books that celebrated me as a Black girl, books that did more than skim the surface of Black history, books that were authentic and diverse in their representation of Black culture. They weren’t always easy to find, and there weren’t rows and rows of them at bookstores, but they bought all the great books they could – and eventually went on to create great books of their own.

 

The landscape of publishing has changed some since then. CCBC research shows that the number of diverse books has increased over the years. However, the number of diverse children’s book creators really hasn’t. So, we’re seeing more diverse books make it to bookstores, libraries, and schools — but we’re not seeing enough of an increase in the writers and illustrators of color who are creating books that make it to the marketplace.  It seems like the issue of diversity in children’s book publishing resurfaces as a hot topic every few years. For some of us, it never stops being headline news. The most recent cycle focuses more on “own voices” – creators from underrepresented groups telling their own stories. We need more of that, and we need to do more to support writers and illustrators of color who are sharing their stories and the book sellers of color who are helping to get those books into our children’s hands.

The Buzz

 

“This book is great for boys who are about to become big brothers. Although there are some unpleasant things about babies, like ‘stinky diapers,’ nothing beats the love and affection you feel towards a new little bundle of joy. I adore this loving middle-class Black family, especially the responsible older brother and how he welcomes his new sibling into the family.”

– Read Brightly (Black Boy Joy by Charnaie Gordon)

“There’s plenty of room on the new-baby shelf for this sturdy big brother.”

– Kirkus

Learn more at www.katurajhudson.com.

 


Day 1: Useni Eugene Perkins

February 1, 2018

Poet, playwright, and youth development professional Useni Eugene Perkins has a long history of distinguished work; it was some time before one of his most well-known poems was publicly known to be his, even though “if you were a black child in a Black classroom anywhere in the United States since 1975, there is a chance you recited Perkins.”

HEY BLACK CHILD, illustrated by Bryan Collier, was reintroduced to the world in 2017. School Library Journal calls it “a rousing celebration and call to action, this book is a great choice for every library.” The Brown Bookshelf is honoured to welcome Useni Eugene Perkins.

    The Journey

My journey as a writer began when I was in grade school. Having been reared in an artistic environment, I was exposed to many of the writers who were participants in Chicago’s Black Arts Renaissance in the early forties. My father Marion Perkins, a self-taught sculptor, was a central figure in this movement which included Black writers like Margaret G. Burroughs, Theodore Ward, Margaret Walker, Willard Motley and Gwendolyn Brooks. He also knew Richard Wright , Paul Robeson and Langston Hughes. I read the works of all these writers but was primarily influenced by Langston Hughes and Richard Wright.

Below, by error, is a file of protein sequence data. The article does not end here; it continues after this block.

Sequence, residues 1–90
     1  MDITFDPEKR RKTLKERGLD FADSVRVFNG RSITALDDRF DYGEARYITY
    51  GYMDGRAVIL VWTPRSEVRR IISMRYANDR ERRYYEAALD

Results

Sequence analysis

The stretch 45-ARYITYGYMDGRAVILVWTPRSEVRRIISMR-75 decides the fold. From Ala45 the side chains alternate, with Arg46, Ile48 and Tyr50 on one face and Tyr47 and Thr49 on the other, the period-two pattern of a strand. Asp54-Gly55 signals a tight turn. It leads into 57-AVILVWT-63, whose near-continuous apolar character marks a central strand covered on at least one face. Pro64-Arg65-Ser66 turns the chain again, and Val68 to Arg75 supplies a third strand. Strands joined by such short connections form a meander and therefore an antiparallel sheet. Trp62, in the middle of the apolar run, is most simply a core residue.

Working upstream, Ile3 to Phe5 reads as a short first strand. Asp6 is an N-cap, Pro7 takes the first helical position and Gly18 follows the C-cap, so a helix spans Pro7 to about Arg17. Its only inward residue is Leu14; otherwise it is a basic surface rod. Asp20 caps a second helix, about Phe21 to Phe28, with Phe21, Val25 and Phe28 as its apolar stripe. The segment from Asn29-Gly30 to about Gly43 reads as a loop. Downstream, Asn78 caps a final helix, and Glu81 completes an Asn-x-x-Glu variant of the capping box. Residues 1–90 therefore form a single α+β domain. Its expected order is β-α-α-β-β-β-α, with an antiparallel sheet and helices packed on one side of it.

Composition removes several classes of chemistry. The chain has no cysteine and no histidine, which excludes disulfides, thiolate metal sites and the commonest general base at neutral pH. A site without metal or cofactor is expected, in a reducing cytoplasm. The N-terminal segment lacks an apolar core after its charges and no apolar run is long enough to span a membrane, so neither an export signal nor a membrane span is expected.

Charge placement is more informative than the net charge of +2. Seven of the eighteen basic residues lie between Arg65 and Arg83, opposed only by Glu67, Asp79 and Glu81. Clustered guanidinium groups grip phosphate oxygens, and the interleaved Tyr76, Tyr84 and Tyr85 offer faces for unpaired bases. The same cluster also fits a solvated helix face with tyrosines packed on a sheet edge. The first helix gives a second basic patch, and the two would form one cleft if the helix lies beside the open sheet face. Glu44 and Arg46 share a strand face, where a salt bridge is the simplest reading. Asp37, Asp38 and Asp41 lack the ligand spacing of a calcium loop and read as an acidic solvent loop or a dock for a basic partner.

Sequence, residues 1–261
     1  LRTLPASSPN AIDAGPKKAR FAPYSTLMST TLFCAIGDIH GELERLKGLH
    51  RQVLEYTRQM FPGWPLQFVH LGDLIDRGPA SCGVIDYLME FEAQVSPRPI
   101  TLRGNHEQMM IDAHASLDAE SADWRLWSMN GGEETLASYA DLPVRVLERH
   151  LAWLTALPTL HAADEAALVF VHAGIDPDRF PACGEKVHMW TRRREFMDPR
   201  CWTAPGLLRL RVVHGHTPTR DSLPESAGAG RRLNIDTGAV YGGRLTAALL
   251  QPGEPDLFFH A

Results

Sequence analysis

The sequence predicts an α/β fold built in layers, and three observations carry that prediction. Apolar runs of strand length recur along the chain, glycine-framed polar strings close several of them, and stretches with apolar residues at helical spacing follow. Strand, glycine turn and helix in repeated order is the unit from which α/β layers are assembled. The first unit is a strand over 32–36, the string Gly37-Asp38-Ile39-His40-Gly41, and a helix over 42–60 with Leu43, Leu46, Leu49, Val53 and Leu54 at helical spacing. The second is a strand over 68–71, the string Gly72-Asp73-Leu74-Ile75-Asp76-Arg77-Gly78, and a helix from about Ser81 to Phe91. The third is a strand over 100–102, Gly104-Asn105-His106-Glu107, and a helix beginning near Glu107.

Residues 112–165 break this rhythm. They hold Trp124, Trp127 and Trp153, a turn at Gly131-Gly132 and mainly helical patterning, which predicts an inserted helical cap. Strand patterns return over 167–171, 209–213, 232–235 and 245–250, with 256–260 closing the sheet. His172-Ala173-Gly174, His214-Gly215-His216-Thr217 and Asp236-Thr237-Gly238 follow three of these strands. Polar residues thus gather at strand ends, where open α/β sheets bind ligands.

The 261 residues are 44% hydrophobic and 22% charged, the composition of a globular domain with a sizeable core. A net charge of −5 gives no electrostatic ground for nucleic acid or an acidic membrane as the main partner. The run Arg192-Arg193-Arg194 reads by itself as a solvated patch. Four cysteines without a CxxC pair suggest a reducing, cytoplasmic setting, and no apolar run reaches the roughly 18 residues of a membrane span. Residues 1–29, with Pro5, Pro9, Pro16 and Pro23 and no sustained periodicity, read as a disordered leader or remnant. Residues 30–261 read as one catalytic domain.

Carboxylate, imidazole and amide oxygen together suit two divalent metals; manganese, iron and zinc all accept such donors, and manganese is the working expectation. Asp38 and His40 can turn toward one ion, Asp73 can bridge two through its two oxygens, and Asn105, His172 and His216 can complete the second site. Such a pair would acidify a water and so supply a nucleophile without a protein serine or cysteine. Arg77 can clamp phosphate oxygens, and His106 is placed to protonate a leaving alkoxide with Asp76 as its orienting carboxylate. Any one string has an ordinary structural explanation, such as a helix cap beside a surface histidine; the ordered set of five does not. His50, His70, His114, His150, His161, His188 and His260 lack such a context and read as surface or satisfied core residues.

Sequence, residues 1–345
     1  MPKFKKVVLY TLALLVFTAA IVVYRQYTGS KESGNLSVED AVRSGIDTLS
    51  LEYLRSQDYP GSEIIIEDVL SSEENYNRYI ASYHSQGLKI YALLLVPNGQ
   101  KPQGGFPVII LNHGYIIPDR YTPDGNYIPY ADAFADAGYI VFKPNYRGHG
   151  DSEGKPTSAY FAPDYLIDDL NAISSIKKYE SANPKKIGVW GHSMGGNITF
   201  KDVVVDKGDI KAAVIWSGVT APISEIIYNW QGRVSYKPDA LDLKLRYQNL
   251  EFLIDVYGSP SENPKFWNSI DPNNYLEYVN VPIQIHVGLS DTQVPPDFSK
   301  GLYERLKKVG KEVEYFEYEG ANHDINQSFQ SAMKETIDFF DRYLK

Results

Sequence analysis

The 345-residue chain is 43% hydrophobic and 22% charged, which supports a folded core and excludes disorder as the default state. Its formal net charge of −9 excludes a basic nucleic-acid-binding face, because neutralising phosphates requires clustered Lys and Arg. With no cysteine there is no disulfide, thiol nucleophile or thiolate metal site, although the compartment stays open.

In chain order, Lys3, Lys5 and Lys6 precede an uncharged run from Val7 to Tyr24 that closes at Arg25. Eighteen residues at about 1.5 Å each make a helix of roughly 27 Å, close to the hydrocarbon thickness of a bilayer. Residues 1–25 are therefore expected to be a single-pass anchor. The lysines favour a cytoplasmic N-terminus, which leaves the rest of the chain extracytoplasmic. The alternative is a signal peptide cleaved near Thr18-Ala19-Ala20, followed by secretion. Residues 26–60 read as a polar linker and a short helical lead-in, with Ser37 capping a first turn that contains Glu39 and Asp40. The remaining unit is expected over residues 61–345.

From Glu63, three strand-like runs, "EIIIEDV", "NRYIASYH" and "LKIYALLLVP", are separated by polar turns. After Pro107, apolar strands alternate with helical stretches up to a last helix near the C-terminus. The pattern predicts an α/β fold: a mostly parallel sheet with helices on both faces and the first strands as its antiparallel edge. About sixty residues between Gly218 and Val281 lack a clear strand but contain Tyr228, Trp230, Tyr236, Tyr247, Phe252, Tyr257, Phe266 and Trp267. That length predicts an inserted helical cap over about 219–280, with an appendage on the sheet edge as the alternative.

When the Black Arts Movement began to emerge in the early sixties, my first book of poems AN APOLOGY TO MY AFRICAN BROTHER was published by Free Black Press in 1965. This volume was followed by BLACK IS BEAUTIFUL, SILHOUETTE, and MEMORIES AND IMAGES. However, my writings were not confined to poetry and in 1975 Third World Press published HOME IS A DIRTY STREET: THE SOCIAL OPPRESSION OF BLACK CHILDREN, a sociological analysis of Black children growing up in Chicago. The imminent historian Lerone Bennett Jr., cited the book as “… one of the important on the sociology of streets since the publication of BLACK METROPOLIS” by Dr. Sinclair Drake and Horace Cayton. In keeping with my interest in the social development of Black children, Third World Press published HARVESTING NEW GENERATIONS: THE POSTIVE DEVELOPMENT OF BLACK YOUTH in 1986.

    Back Story

Although I had never seriously thought about writing books for children, I was familiar with and admired the works of Julius Lester, Tom Feelings, Toni Cade Bambara and Virginia Hamilton. However, I also was interested in playwriting and in 1975 wrote a musical for children entitled BLACK FAIRY, which was a play about a young boy who lacked self-esteem. My motivation for writing Black Fairy was because I felt there were few plays that emphasized Black history and culture to inspire Black children. The musical included twelve songs and Hey Black Child was one of the lyrics. It was performed in many venues throughout the Midwest and awarded a citation of merit after it was performed at St Mary College in Detroit by the late mayor Coleman Young. Hey Black Child became an instant favorite of the thousands of children who saw the production. Because of its popularity, Third World Press published Black Fairy in 1986 , in a volume bearing the same name. The book also included two other children’s musicals, Young John Henry and the Legend of Deadwood Dick.